Author Was First Latino To Win Pulitzer Prize For Fiction

NEW YORK (CBSNewYork/AP) — Oscar Hijuelos, the novelist who became the first Latino to win a Pulitzer Prize for fiction, died this weekend at the age of 62.

Mr. Hijuelos died Saturday after collapsing on a tennis court in Manhattan and never regaining consciousness, according to his agent, Jennifer Lyons.

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Born in New York City to Cuban immigrant parents, Mr. Hijuelos won the Pulitzer Prize for fiction in 1990 for his novel, “The Mambo Kings Play Songs of Love.”

The novel tells the story of two Cuban brothers who journey from Havana to New York to start an orchestra. At one point in the story, the brothers appear on the television sitcom “I Love Lucy,” which starred Lucille Ball and her Cuban bandleader husband, Desi Arnaz. The book was eventually turned into a movie starring Armand Assante and Antonio Banderas.

In his 2011 memoir, “Thoughts Without Cigarettes,” Mr. Hijuelos writes of how he struggled against being labeled an “ethnic” writer and notes that even today there are few other Latinos whose work, despite the considerable number of talented authors, has been awarded the same recognition.

Mr. Hijuelos spoke about the memoir with CBS News’ Jeff Glor in 2011. He said the title was inspired by getting frustrated by construction noise on Riverside Boulevard on the Upper West Side, to the point where he started smoking after having given it up.

“Somewhere along the line, I came to the brilliant conclusion that I tended, during periods of extended anxiety in my life, to take up smoking again; and since I’d had my first cigarettes as a kid growing up in Manhattan, and yet could remember quite calm periods in my life, when I never smoked at all, I began to write about them, the title ‘Thoughts Without Cigarettes’ coming into my head,” he told Glor.

Among those thoughts were “how I had come up in an immigrant working class household and, somehow, drifted into the very unpractical profession of writing fiction. Structure wise, the book is loosely organized around periods of anxiety (smoking) and of tranquility (not smoking) — at least those were my first notions,” Mr. Hijuelos told Glor.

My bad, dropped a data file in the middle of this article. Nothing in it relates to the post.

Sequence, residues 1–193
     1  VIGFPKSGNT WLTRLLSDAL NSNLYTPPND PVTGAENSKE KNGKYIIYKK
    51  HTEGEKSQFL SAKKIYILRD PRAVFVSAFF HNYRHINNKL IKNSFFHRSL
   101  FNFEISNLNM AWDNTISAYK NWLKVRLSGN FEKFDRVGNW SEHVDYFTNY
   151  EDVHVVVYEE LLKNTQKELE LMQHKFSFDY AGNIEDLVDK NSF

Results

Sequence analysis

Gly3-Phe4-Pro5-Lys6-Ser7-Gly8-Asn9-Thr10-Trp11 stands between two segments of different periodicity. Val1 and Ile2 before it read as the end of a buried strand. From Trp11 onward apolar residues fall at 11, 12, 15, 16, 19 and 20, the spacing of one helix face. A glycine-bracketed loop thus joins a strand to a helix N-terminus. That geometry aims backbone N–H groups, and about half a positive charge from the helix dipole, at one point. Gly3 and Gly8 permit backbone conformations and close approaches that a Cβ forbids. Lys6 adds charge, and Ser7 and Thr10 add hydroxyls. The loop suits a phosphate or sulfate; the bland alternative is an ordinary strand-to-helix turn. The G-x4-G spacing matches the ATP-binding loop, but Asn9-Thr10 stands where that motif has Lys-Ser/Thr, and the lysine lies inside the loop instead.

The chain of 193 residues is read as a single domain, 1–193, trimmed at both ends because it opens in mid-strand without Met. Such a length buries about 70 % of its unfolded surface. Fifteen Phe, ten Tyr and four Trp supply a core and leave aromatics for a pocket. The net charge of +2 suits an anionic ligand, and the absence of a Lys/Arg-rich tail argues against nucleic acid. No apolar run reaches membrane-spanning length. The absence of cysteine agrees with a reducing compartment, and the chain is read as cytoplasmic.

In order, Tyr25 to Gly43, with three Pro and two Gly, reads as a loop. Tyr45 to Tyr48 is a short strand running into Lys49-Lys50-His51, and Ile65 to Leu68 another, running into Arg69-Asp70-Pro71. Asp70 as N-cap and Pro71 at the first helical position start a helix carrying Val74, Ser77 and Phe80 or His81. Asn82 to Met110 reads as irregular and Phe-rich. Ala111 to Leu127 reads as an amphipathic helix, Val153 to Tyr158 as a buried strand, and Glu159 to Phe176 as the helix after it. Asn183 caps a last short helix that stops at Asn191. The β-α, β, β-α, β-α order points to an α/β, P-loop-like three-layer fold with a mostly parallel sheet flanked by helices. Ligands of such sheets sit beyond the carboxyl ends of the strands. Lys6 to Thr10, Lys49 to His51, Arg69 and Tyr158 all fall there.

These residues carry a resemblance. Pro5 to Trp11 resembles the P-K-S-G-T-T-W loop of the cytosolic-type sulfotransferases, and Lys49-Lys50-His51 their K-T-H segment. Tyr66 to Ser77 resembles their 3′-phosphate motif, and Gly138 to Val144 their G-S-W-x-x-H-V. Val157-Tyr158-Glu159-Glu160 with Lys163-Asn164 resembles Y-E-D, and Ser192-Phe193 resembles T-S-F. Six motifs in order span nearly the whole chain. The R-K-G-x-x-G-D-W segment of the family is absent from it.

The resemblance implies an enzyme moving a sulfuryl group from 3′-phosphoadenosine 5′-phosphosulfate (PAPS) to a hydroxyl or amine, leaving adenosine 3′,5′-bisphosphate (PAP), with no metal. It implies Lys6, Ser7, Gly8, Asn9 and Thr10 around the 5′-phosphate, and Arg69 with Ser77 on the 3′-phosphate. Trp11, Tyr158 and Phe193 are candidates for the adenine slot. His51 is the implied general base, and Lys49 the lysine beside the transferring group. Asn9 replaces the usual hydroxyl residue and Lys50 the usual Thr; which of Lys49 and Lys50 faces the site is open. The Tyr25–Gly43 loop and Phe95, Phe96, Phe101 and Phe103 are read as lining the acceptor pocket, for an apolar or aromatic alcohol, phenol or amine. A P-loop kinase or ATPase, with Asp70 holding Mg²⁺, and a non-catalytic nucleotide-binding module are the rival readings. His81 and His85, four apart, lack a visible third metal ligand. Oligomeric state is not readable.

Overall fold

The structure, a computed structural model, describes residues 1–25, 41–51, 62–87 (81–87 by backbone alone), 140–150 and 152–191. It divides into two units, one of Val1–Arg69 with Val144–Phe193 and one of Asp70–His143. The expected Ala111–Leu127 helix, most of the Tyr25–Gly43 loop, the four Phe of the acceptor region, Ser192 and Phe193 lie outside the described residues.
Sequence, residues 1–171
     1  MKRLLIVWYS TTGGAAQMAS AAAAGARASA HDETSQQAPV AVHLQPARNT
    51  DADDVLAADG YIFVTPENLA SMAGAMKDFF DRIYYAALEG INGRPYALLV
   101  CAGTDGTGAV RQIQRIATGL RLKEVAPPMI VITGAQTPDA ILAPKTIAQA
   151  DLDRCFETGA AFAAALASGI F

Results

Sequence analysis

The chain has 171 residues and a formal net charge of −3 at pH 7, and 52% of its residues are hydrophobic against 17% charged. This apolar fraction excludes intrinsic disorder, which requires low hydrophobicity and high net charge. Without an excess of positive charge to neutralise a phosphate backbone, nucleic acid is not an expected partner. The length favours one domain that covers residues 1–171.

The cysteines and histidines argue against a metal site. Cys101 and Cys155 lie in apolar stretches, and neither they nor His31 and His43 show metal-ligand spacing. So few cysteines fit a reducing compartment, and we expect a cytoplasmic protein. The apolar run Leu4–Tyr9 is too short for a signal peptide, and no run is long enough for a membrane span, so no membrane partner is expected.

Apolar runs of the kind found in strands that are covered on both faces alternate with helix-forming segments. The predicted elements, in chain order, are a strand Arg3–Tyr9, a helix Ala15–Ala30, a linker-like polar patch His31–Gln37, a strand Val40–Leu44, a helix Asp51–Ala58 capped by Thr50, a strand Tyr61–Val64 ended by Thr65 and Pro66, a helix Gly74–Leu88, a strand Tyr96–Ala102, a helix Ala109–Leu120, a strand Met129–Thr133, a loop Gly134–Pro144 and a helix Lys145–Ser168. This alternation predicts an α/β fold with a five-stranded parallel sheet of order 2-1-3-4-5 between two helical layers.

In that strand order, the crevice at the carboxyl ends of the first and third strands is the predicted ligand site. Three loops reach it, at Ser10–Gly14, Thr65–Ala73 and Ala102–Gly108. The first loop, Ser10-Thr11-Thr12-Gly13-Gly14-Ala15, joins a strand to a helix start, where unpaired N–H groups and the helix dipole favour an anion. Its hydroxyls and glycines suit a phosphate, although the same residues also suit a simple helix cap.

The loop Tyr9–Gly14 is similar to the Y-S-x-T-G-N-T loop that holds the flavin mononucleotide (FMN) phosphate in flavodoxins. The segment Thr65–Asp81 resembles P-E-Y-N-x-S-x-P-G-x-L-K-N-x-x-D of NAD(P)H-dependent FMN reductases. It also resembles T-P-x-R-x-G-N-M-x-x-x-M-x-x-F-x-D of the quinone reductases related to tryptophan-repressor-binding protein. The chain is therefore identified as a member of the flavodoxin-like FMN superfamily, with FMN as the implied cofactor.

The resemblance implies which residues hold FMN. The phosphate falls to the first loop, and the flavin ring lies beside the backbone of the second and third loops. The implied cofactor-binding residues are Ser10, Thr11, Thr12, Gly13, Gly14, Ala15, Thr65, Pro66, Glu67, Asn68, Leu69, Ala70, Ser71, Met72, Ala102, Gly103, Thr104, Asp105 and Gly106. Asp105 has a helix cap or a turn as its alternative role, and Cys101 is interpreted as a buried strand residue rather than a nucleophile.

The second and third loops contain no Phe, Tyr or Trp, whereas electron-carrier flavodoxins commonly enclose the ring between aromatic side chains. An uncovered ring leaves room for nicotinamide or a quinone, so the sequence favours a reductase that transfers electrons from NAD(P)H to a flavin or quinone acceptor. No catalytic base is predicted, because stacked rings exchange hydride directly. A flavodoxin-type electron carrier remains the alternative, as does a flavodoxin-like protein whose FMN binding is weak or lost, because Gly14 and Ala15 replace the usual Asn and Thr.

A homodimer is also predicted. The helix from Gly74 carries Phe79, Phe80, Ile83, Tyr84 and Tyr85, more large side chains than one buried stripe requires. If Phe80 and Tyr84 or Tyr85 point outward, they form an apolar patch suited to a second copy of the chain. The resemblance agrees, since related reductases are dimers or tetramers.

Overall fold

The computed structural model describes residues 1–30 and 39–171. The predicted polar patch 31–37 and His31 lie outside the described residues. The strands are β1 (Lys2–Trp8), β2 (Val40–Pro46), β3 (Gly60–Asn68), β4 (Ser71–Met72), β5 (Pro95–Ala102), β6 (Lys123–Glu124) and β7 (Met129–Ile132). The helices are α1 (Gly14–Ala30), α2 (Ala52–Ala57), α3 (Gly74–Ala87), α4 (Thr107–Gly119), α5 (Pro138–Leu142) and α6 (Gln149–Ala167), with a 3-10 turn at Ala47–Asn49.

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In the novel, he tells of becoming ill with kidney disease after a trip with his mother to Cuba as a young child. He was hospitalized for a year, during which he loses his Spanish-speaking ability, and never truly recovers it.

“For the longest time, all I would know was that I had gotten sick in Cuba, from Cuban microbios, that the illness had blossomed in the land of my forebears, the country where I had once been loved and whose language fell as music on my ears,” Mr. Hijuelos writes. “Of course, diseases happen anywhere, and children get sick under any circumstances, but what I would hear for years afterward from my mother was that something Cuban had nearly killed me and, in the process of my healing, would turn my own ‘Cubaness’ into air.”

It was an experience of displacement and a never-ending inability to reach an identity he inherits that many Cubans of his generation can understand. It also defined much of his development as a writer, as he initially hesitated to embrace his story and that of his family as a source of inspiration for his fictional characters — too ashamed to put them on paper, believing the world was indifferent to his tale.

As a youth, Mr. Hijuelos was enrolled in local community colleges where an array of early writing teachers _ Susan Sontag, Donald Barthelme, and Frederic Tuten _ encouraged him to continue to pursue his craft. He was also exposed to Cuban and Latin American writers including Jose Lezama Lima, Gabriel Garcia Marquez and Carlos Fuentes, whose work inspired him.

His other novels include “Our House in the Last World,” “Empress of the Splendid Season,” “Dark Dude,” “The Fourteen Sisters of Emilio Montez O’Brien” and “A Simple Habana Melody.” He was also received the Rome Prize and grants from the National Endowment for the Arts and the Guggenheim Foundation.

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